← View All Articles

Arts-rich S.C. schools score above national mean in hope, engagement

Gallup research in 2018 shows arts’ impact on key indicators

This morning at the South Carolina Arts Advocacy Day breakfast, S.C. Arts Commission Education Director Ashley Brown released exciting new findings from a 2018 study that found high levels of engagement and hope in arts-rich South Carolina schools. The S.C. Arts Commission (SCAC) and Palmetto State Arts Education (PSAE) partnered with internationally recognized analytics firm Gallup to participate in the annual Gallup Student Poll. It measures student engagement, hope, entrepreneurial aspirations, and career and financial literacy and, in the past 10 years, surveyed more than 6 million students. According to Gallup data from 2016, engaged and hopeful students are more than twice as likely to report they get excellent grades and are twice less likely to report they missed a lot of school than their actively disengaged peers. In each of the four indicators on the poll, the students in South Carolina’s arts-rich schools outperformed the national mean. The research also showed a direct correlation between a school’s length of time as a arts-rich and an increase in student engagement and hope. And most importantly, students surveyed in arts-rich schools with free/reduced lunch program participation of 75% or greater scored higher than the state and national mean. Brown said schools are considered arts-rich when they are “committed to the arts at the cellular level.” She said both Arts in Basic Curriculum (ABC) Project and Distinguished Arts Program (DAP) sites are required to have an arts strategic plan and, in both, the arts “are simply part of the fabric of the school.” SCAC and PSAE conducted the Gallup Student poll in arts-rich schools throughout South Carolina at a mixture of ABC Project and DAP sites. “This is the first time in its history the Gallup student poll has been used to look specifically at arts-rich environments, and it is an exciting opportunity to learn more about the connection between the arts and engagement,” Brown said.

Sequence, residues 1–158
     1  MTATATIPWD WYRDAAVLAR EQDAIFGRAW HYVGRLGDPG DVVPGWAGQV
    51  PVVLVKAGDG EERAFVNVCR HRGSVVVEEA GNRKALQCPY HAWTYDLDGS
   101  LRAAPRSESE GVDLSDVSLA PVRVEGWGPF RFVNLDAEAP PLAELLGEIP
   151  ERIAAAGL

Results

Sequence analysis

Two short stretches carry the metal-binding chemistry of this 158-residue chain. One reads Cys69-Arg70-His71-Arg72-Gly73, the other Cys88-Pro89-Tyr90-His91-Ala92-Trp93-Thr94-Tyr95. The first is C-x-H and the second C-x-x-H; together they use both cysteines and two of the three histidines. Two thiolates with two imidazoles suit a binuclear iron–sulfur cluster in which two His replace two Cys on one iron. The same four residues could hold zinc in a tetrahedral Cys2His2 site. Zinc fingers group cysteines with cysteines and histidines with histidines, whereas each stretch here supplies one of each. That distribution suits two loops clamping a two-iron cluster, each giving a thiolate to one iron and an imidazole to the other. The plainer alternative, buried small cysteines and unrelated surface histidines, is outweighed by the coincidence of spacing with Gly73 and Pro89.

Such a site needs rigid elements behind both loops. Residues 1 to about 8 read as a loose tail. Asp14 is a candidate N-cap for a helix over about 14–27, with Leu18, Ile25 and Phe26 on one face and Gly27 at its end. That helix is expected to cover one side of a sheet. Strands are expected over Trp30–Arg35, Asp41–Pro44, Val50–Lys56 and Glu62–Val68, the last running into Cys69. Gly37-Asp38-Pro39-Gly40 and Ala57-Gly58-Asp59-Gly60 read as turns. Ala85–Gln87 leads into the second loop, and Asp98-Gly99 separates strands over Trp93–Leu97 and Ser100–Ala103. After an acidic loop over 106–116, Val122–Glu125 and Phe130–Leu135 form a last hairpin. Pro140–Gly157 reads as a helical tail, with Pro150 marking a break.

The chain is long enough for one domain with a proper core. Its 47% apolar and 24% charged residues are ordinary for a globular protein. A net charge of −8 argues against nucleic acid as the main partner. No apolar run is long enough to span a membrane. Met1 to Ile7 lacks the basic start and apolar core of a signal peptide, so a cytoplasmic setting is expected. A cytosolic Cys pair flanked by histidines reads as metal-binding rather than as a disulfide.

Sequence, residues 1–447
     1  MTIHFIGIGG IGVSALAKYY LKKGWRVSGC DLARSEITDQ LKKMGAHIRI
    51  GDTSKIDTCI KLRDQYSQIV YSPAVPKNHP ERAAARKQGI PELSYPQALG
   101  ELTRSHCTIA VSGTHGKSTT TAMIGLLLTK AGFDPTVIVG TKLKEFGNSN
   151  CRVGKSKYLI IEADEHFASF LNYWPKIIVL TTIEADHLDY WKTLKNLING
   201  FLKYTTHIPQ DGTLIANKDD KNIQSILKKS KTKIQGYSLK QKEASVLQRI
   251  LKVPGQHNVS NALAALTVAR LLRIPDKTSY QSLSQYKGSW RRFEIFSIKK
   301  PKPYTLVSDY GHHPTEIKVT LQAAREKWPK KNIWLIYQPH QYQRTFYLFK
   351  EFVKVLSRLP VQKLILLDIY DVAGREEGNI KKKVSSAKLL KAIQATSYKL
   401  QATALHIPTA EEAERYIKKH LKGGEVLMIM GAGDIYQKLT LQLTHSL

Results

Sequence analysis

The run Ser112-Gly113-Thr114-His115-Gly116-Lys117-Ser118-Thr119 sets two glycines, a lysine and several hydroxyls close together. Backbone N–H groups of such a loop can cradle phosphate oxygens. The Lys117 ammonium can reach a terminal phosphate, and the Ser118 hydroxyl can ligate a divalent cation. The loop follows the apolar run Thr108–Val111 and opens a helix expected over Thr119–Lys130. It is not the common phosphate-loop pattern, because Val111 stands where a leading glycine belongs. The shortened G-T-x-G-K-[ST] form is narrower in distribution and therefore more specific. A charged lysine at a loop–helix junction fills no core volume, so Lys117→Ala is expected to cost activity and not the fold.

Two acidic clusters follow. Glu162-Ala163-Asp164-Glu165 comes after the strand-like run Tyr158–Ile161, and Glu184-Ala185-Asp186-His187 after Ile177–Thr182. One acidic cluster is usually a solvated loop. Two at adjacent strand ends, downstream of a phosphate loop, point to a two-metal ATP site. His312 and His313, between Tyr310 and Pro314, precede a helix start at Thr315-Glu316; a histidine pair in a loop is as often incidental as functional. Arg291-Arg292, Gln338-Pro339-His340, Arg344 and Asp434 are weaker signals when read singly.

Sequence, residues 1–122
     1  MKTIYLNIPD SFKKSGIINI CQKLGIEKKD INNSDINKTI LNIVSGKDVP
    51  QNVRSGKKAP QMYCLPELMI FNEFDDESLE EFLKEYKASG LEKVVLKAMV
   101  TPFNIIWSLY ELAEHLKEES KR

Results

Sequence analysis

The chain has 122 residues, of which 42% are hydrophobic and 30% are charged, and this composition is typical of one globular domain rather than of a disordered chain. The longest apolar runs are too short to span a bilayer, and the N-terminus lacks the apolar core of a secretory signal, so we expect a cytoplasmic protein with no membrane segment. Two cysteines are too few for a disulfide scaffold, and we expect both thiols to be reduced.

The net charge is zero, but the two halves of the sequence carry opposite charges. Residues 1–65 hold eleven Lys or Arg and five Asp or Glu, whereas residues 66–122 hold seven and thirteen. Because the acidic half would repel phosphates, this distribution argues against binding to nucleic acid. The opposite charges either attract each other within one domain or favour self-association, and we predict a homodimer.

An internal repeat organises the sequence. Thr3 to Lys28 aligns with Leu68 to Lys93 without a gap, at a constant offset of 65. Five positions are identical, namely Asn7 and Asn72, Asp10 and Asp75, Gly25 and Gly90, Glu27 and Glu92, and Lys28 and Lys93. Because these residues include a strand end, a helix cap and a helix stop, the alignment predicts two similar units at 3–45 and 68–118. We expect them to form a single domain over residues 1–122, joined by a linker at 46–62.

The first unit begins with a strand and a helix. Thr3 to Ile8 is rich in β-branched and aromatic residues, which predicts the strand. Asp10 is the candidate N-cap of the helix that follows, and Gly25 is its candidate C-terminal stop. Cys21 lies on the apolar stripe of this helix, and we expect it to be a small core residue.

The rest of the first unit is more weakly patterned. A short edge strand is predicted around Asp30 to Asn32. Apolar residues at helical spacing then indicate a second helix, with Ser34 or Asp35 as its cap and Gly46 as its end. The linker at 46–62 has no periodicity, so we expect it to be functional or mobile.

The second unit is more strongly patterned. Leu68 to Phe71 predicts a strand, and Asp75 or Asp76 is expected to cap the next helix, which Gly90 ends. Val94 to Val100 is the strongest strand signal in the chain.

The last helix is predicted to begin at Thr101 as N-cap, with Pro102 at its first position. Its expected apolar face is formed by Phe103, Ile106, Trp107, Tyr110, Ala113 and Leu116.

The items on the Gallup Student Poll where students from S.C. arts-rich schools scored the highest above the national mean are:
  • The adults at my school care about me
  • I have at least one teacher who makes me feel excited about the future
  • I have a great future ahead of me
  • I know I will find a good job in the future
  • I will invent something that changes the world
  • I plan to start my own business
The arts are integral to a well-rounded education that allows students to achieve the knowledge, skills, and life and career characteristics outlined in the Profile of the South Carolina Graduate. From creativity to problem solving, perseverance to critical thinking, learning in and through the arts is proven to equip students with the skills necessary to be engaged citizens. ABC Project and SC Arts Alliance submitted amendments and adjustments to H.3759, proposed by House Speaker Jay Lucas (R-Darlington) and currently working its way through the S.C. House committee on education and public works, to ensure the arts are embraced and advanced to help every student achieve the standards set in the Profile of the South Carolina Graduate.
The findings from the Gallup Student Poll reinforce what those in the arts already know: From creativity to problem solving, critical thinking to perseverance, learning in and through the arts supports students as engaged and hopeful citizens of the world. This information will inform requests for additional funding in the arts, arts advocacy, and the role of the arts in education reform. This PDF of the findings from the Gallup Student Poll can be shared with community and education leaders, legislators, and educators. To learn more about this important research, visit https://www.palmettoartsed.org/gallup.html.

Grant Writing: Tips from a Pro